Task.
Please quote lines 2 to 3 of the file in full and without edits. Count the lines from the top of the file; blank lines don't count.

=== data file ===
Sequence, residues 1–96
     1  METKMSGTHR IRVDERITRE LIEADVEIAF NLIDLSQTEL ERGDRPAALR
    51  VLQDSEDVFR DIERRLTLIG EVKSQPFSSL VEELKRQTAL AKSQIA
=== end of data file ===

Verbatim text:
     1  METKMSGTHR IRVDERITRE LIEADVEIAF NLIDLSQTEL ERGDRPAALR
    51  VLQDSEDVFR DIERRLTLIG EVKSQPFSSL VEELKRQTAL AKSQIA